Tuesday, November 22, 2011

Toolbox Tuesday: Humility

This isn't a big surprise.  Aside from being in the writer toolbox, this should be in your good human being toolbox. 

Have you ever met someone who just thought they were The Bee's Knees -- even though they kinda suck?  Yeah, we're talking about not being that guy.  The people with the big heads.  The people with the superiority complexes.  The people who step on the little people.  Even if you're not as bad as this, you should endeavor to have some humility.

Let's, put things into perspective: You're one of how many billion humans on the planet?  And your work is one out of how many hundred thousand pieces of literature available?  And you expect to stay on the shelves for decades why?  You really think you're that good?  I doubt it.

You can be good, sure; but, you could be better.

Everyone has the capacity to be a better writer.  You should always keep that in mind.  It's that whole "there's always going to be someone better than you" mentality.  So what if you're published through a big house?  So what if you're a NYT Bestseller?  So what if people are practically falling over themselves to get you to be the guest of honor at conventions and you've got stalkers on five continents?  You're still not perfect.  Neither is your writing.  Get over yourself and realize that the only way you get respect in this industry is by trying your hardest to be the best you can be and helping others get there as well.

For all of us who aren't at that Bigheaded Moviestar stage of our lives, here's how to avoid getting there in the first place.

1.  When someone criticizes your work, take it seriously.  Instead of getting defensive about it and telling them they don't understand or scratching them off of your beta list, really think about what they are saying.  Ask questions and try to figure out why they feel the way they do.  In this way, you're taking the time to realize that your work may not be ready and you're showing that you're willing to step back and accommodate for changes.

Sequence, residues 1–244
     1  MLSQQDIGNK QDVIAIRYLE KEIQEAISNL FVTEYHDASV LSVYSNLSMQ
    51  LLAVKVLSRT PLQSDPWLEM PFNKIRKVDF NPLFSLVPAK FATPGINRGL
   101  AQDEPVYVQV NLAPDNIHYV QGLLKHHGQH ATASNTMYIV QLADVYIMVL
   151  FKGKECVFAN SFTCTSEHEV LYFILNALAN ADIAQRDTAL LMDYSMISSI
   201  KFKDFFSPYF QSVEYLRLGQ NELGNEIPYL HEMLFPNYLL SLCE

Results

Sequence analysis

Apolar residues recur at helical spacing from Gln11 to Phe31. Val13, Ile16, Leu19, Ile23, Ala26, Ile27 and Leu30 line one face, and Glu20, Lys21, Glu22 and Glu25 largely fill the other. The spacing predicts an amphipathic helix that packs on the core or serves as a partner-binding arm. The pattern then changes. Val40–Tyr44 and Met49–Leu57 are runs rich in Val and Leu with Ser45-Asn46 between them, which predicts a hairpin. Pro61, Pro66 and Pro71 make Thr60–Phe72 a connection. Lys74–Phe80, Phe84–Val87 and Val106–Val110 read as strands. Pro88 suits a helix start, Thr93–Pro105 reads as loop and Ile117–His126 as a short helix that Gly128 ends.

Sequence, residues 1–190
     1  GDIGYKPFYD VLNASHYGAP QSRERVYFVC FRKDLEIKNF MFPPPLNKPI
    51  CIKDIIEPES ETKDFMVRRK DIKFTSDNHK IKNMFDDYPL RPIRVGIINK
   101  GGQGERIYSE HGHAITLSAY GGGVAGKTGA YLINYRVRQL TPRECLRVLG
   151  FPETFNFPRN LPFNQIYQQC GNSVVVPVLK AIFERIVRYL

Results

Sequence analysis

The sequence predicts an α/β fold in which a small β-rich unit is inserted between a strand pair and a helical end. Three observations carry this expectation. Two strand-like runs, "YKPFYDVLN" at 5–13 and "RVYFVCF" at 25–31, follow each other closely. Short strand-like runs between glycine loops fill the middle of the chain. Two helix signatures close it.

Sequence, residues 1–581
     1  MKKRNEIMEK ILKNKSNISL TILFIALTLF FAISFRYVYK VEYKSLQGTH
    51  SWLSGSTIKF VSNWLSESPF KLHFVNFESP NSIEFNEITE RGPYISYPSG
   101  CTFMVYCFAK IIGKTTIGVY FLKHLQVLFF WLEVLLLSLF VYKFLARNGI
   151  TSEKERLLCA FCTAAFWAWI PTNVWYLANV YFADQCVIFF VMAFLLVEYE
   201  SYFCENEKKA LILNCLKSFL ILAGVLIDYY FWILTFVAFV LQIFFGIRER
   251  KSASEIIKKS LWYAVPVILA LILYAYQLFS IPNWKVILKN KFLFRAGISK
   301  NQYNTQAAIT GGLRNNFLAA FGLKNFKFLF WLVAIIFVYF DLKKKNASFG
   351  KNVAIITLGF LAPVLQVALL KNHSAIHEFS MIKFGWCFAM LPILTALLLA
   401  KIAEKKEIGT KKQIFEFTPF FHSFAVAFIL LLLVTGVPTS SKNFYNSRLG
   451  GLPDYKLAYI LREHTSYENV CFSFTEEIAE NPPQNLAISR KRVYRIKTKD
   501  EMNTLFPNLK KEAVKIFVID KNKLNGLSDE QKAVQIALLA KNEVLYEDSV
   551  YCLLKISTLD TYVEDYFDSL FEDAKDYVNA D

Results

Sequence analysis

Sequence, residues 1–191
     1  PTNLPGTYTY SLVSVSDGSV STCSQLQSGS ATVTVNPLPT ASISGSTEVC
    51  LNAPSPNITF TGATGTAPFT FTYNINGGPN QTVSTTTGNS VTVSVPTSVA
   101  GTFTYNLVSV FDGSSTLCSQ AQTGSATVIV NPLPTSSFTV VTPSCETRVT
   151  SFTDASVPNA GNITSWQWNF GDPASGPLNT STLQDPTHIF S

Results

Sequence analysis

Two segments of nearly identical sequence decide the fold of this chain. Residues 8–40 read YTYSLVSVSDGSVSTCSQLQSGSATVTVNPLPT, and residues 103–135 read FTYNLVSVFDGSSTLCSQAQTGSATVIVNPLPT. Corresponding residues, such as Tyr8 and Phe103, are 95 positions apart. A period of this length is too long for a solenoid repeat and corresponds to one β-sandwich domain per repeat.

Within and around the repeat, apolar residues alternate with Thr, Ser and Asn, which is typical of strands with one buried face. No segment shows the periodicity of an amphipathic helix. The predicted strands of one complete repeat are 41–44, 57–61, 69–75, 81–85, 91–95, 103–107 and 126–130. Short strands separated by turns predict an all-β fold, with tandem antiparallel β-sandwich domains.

2.  If you ever find yourself looking at another writer and getting a feeling of superiority, you'd better march yourself over there and make best friends with that person.  This isn't so that you can feel like the Queen of France for the next three years, this is so you can get to know this person and help them.  If you honestly feel that you have a superior quality, then you shouldn't be hoarding it.  Get out there and spread the love.  With others out there that are as good as you in this area, you'll "flood the market" and there will be no reason to feel superior.

3.  If someone is better than you, acknowledge it and look to them for guidance.  No matter how many awards or bestsellers I get in the future, I know I'm never going to consider myself an equal to someone like Neil Gaiman.  Even if I were the next Stephanie Meyer or J.K. Rowling, I don't think I could look Neil in the eye and say, "I've achieved what you have."  Or even that I've achieved more.  That feeling of awe in another will keep you humble.

4.  Be accessible and real to your fans.  You're a person, just like they are.  There's a line between slightly altering your behavior to fit your author persona and turning into a holier than thou demi-god.  No matter what, remain approachable to your fans...even the mouth breathing basement dwellers.  Fans make this industry, you cross them, you cross a sacred boundary of trust.  Be kind and accommodating to their wants and needs.

5. Count your blessings and remember the little people.  Never lose sight of the journey that you took to get to your final destination.  Remember the tears, the frustration, the self doubt.  Now, thank God, Gaia, Allah, or whoever you please for giving you the strength to get beyond that hardship.  Remember the people who loved and supported you, let you cry on their shoulder, and read edit after edit of your newest manuscript.  These are people that know you -- the real you.  Keep them close and appreciate them for everything they've done for you.  Never forget who you are and where you came from.  :)

6.  You don't know all the answers.  You never did.  So, don't act like you do.  Don't be afraid to ask questions or defer to others.  Always admit your mistakes and try to right them.